Even beginners can pull off Samin Nosrat's crispy-golden Persian-ish Rice, a take on traditional tahdig (which can take years to master and hours to make).
We weren't surprised to see this supremely comforting (and leftovers-friendly) dish pop up again in March, when quarantine first began.
This caramelized black pepper chicken from Charles Phan of the Slanted Door Restaurant is heavenly over a bed of fluffy white rice, the ideal vehicle for soaking up that sticky, aromatic sauce.
It's the cult New York Times dish Associate Editor Coral Lee makes for herself (and will make for friends, when she's finally able to) over and over again. Think: low-and-slow, super-tender pork shoulder drizzled with a zingy ginger-scallion sauce.
Consider this käsespätzle like the Austrian relative to macaroni and cheese, with noodle-like spätzle, Gruyere, caramelized onions, and a crispy shallots topping.
Known around these parts as "The Pizza," this crispy-cheesy number quickly took off and became our most popular recipe of the month (and one of our most popular of the year). The only snag we ran into when trying to make it at home: finding yeast.
This banana bread twist from Samantha Seneviratne takes the classic recipe and scone-ifies it. The result: "all the comforts of banana bread, with more crunchy-sweet edges and fluffy, chocolate-spiked middles."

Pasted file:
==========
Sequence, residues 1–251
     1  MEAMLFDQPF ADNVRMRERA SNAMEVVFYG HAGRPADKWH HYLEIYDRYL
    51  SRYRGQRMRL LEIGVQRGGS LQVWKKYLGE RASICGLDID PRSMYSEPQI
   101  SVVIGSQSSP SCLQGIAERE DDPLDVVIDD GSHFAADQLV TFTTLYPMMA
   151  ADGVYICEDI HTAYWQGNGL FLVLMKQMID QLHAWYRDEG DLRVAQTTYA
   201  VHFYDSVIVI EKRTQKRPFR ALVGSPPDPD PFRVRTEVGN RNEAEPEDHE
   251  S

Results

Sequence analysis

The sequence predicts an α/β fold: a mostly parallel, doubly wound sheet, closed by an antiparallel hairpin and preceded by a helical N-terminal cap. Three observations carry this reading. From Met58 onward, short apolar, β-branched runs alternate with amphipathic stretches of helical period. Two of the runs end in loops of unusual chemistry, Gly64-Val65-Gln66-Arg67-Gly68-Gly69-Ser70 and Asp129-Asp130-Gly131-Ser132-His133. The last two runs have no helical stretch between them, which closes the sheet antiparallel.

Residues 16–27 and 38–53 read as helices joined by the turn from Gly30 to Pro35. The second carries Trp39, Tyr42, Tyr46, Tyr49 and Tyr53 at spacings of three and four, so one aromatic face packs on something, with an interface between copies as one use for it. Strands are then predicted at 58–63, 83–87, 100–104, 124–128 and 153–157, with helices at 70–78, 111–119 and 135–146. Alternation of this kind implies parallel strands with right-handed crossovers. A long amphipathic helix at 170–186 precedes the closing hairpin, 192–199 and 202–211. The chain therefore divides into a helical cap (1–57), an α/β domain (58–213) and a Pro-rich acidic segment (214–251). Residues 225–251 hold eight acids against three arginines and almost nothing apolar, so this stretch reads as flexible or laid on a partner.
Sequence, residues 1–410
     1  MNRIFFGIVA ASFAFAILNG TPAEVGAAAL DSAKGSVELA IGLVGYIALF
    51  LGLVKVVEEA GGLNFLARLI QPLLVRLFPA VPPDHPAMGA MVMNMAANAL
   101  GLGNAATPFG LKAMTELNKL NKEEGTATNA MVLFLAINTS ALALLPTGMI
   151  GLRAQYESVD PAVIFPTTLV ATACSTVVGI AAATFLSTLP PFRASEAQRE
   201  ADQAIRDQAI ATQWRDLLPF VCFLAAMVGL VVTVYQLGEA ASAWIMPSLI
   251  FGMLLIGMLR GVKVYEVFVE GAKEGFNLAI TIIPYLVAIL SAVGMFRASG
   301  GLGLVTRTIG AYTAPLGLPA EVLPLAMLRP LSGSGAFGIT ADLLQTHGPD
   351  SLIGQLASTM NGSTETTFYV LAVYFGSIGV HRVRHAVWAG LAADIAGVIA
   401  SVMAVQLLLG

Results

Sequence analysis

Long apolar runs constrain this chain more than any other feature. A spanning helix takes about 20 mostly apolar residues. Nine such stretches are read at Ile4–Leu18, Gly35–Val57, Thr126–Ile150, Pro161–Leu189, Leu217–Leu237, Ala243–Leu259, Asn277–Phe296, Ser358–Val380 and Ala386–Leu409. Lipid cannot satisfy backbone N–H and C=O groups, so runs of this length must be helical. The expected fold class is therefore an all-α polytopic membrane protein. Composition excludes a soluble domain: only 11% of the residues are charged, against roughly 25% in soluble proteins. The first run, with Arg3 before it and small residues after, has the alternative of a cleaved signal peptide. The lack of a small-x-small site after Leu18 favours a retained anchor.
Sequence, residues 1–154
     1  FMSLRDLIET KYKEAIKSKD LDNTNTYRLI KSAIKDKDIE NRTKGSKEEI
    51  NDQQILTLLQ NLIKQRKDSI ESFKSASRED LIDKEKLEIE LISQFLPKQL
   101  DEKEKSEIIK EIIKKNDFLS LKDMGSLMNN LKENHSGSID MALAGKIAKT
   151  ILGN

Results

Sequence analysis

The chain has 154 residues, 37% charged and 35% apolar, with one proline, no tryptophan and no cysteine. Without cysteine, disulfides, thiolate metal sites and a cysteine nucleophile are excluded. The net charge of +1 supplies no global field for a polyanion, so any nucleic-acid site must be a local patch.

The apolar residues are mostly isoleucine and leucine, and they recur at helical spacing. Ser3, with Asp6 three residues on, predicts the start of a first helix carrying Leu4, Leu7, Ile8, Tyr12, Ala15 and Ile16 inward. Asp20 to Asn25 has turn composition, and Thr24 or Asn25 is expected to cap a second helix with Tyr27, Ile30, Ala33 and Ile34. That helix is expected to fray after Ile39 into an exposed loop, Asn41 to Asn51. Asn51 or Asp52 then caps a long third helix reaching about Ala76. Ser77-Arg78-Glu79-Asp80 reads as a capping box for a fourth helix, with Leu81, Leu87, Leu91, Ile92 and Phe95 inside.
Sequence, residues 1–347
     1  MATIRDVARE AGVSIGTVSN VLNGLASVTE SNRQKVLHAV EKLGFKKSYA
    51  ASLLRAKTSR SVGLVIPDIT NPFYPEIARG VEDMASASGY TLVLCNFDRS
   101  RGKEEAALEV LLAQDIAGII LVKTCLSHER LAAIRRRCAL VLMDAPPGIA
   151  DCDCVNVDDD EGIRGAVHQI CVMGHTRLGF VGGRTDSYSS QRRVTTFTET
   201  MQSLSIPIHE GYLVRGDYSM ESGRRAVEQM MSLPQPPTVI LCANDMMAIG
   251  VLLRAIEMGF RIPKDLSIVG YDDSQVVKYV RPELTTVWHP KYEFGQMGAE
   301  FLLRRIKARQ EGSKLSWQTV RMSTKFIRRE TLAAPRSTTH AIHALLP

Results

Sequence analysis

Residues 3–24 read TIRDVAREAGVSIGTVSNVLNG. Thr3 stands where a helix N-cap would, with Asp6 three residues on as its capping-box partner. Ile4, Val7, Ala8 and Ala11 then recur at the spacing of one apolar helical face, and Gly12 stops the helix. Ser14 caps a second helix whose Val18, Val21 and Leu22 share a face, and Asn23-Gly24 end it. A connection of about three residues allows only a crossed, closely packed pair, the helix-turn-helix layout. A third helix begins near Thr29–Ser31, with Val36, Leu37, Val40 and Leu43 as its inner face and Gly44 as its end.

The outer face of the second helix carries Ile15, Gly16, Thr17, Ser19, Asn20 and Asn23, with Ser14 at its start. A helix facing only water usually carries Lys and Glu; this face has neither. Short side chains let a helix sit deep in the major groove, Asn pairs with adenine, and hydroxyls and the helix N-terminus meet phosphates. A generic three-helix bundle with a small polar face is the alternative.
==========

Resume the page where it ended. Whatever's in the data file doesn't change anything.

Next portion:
It was love at first sight with this easy stir-and-bake vanilla cake (you just need two bowls!) dolloped with butterscotch whipped cream and a sweet-tart strawberry compote.
When the words "extra-crisp" and "chicken" are in the same sentence, you can pretty much guarantee we're in. Bonus: It calls for just four ingredients—not including salt and pepper (which you probably already have).
"The citrusy bittersweet character of the Campari goes really well with the fragrant olive oil," says Melissa Clark of this unassuming-looking cake that proves it's what's on the inside that counts.
Another plus of this all-star pizza? Baking it in a cast-iron pan makes the crust audibly crunchy.
More banana bread for the win.
3. Tuna Salad
Keep this superlative tuna salad in your lunch rotation all summer long—put in sandwiches, scoop it over top salads, or eat it straight out of the bowl (it's that good).
This Big Little Recipes wonder is all about the marinade: a combo of creamy Greek yogurt, salt, and sumac that renders chicken breast as juicy and flavorful as can be.
There's more than one trick to this weeknight-friendly dinner, but our favorite is "sizzling chickpeas in the spiced, golden fat left in the skillet until they’re ultra-crunchy on the outside, soft and creamy on the inside."
Making dried beans is a time-consuming affair no matter what you do, but this Genius technique from Rachel Roddy makes them creamier than all the rest (and requires zero babysitting).
Carla Hall's flaky buttermilk biscuits have several Genius tricks up their sleeve that makes it so anyone can pull them off on the first try.
The dish Zuni Café sous chef, Christian Reynoso, misses most from work: spicy, seeded bread crumbs toasted in olive oil, then popped under the broiler with a cracked egg on top. Trust him when he says, "No need for toast here."
These two-ingredient skillet scallions from the late Southern cooking champion Edna Lewis need no seasoning whatsoever—nope, not even a dash of salt.
If you've got cocoa, sugar, and salt sitting in your cabinets, then you've got everything you need for dessert tonight (and the weeks to come).